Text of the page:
Archive for the 'Travel Talk' Category

From the sublime to the historic … recommended Sydney hotels

August 4th, 2009

Just returned from Sydney and can recommend these 2 hotels — ones that you may not have considered before:

The Lord Nelson Hotel

The Lord Nelson Hotel

The Lord Nelson Hotel — said to be the oldest hotel in Sydney, it is situated in the Rocks area in a quiet backwater on the corner of Argyle Place & Kent Street.  It is a micro brewery, popular bar, brasserie and rooms.  The queen or king bedrooms with ensuite and breakfast (with contemporary fitout) cost $190.  The rooms offer individual charm and with only 9 rooms you wont find any specials for this hotel on Wotif.  I would however check how noisy it gets downstairs in the bar in the evenings.

Observatory Hotel, low res

Observatory Hotel

The Observatory Hotel — is now 16 years old but has the timeless appearance of an old (but stylish) English aunt.  The rooms are huge and luxurious and as a “small” hotel of 100 rooms you are really looked after by staff who really care.  Although they do have harbour view rooms (Darling Harbour, not the more spectacular views you get from Circular Quay hotels) I would choose the city view rooms — their standard room at $315 per night, and worth every penny.  (There may be specials on Wotif.)  It also has an amazing subterranean heated pool with twinkling LED lights on a deep blue ceiling — just like the movies — and a spa for massages and facials.  The high tea is quite special too.  This hotel is part of the Orient-Express group of unique hotels, cruises and luxury rail advantures.

New Zealand Touring

April 13th, 2009

I don’t know about you, but the last thing I want to do this year is shoe-horn myself onto a plane for 25 hours and go to depressed Europe or the UK.  I have better things to do with my money.

With this thought in mind we recently spent 2 wks in one of our favourite places — New Zealand.  Close to home, and great value for money (the exchange rate is very much in our favour at the moment), NZ offers relaxed touring on uncongested roads, great food, wine and accommodation options and fabulous scenery … not a grey gum tree in sight.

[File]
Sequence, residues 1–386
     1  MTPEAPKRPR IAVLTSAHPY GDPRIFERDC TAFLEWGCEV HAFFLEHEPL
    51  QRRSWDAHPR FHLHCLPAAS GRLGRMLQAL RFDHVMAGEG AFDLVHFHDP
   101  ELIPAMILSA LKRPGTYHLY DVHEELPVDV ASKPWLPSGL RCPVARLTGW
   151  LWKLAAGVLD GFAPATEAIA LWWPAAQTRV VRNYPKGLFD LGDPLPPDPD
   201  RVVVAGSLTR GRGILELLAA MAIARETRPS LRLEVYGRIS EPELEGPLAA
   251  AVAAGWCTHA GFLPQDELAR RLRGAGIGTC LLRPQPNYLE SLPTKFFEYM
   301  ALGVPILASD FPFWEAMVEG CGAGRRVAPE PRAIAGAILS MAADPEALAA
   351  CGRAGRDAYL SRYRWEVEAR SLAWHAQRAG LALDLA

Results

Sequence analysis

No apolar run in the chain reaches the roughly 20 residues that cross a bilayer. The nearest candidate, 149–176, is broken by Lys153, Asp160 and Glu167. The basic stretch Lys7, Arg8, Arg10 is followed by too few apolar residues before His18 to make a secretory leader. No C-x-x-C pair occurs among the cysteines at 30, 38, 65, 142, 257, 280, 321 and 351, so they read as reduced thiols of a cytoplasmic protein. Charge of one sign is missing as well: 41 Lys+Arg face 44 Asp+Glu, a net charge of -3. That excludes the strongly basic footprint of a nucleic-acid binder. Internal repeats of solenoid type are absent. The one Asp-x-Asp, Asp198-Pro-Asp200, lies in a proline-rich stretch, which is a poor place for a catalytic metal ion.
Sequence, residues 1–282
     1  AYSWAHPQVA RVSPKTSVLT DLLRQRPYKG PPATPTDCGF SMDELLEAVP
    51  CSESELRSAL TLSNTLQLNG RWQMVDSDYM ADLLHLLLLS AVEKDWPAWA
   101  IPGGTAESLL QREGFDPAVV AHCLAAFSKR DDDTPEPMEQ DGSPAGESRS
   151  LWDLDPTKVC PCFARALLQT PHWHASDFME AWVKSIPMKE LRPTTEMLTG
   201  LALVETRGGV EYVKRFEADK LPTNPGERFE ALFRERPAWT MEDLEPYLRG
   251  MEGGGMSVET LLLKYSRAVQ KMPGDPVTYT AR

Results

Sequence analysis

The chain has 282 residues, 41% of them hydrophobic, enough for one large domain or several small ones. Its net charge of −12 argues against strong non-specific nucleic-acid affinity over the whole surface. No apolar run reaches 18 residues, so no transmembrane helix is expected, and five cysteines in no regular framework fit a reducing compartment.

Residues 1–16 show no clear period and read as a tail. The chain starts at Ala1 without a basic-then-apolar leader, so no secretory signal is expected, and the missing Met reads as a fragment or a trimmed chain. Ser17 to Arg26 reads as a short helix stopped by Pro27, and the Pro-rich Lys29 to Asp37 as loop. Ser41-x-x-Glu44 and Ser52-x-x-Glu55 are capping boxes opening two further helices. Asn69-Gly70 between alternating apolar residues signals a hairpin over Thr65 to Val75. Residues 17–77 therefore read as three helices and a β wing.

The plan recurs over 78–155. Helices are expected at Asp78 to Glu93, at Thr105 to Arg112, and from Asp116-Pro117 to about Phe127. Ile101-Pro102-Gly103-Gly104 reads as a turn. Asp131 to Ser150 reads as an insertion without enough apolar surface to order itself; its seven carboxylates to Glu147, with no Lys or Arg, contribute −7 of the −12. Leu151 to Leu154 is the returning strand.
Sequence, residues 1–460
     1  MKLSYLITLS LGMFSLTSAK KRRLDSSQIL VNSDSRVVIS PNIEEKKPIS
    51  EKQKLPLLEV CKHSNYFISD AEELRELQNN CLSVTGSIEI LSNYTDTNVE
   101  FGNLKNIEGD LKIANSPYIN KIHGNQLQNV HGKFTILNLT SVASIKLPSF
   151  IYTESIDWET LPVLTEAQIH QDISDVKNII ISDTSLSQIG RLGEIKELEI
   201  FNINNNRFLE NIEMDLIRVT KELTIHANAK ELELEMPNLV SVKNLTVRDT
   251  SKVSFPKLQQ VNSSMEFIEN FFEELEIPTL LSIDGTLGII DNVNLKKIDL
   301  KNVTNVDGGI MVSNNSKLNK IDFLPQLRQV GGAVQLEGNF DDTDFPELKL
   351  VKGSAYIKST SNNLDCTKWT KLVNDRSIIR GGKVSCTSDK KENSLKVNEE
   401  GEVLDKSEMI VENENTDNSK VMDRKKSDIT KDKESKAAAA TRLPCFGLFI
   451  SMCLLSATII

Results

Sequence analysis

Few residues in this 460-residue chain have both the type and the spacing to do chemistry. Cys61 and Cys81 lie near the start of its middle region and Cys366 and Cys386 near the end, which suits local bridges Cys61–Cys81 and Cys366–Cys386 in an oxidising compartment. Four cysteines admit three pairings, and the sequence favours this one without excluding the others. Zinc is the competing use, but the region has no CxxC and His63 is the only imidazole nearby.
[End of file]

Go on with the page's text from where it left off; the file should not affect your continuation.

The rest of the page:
NZ scene, small3.jpg

International carriers like Emirates are only charging about $200 each way to Auckland, a city remarkably like Brisbane in size and feel.  We had two outstanding meals there — at the French Cafe (not a bit like a cafe, but a quietly elegant upmarket restaurant), and Soul at the Viaduct on the harbour.  Both remarkably busy considering that New Zealand has been in recession for over a year now.

Whilst in Auckland try to spend time on a nearby island called Waiheke, a charming 45 minute ferry trip from Auckland harbour. There are some excellent overnight accommodation options or just go over for the day. Besides being very scenic, there are wineries and olive oil producers — have lunch at Mudbrick Restaurant or Cable Bay Vineyards. Take a private tour of the island in a 6 seater bus with Christine Gisby www.seewaiheke.co.nz

A 40 minute drive north of Auckland is Matakana, a small village with an exceptional Farmers’ Market every Sat morning. Introduced to us by Lauraine Jacobs, a food editor with Cuisine Magazine (one of the best food mags in the world we believe, and comes bi-monthly out of little NZ). She has written a book about Matakana (recipes, where to stay and eat) so tap into some local knowledge and buy it directly from her: jacobs@ihug.co.nz

New Zealand is an easy place to discover yourself, but here are a few tips: Continue Reading »

The Goroka Mudmen & Other Tales

April 7th, 2008

Mudmen 002 resized 2.jpgWhilst moored in Madang Lagoon, 27 of us chartered a plane for the short flight to Goroka to see the famed Mudmen. Those who remained on board had the option of just having a relaxed look around the town and markets, a more involved tour which included a trip to the village of Bilbil (famous for its pots) for a sing-sing, or go scuba diving.

The mudmen were fascinating and the trip also involved visiting a coffee plantation, museum and the local Goroka markets. 

Since the Australians departed PNG the economy is fragile with, we’re told, corruption rife.  The traditional clan (Wontok) system does not blend well with democracy and it will probably take a couple of generations for this country to get its act together. Nevertheless, the people we met were happy, healthy and many spoke English — compliments of the various church groups that still hold sway in PNG.  Of course we did not visit Moresby and Lae where things are more chaotic.

In the Milne Bay area we visited a tiny island on Easter Sunday and attended the lovely stone church for a service.  The harmonising voices of 100 locals soared above the pounding of a tropical storm.  These people are strong, with deep faith.

Seeing New Guinea the Easy Way

April 7th, 2008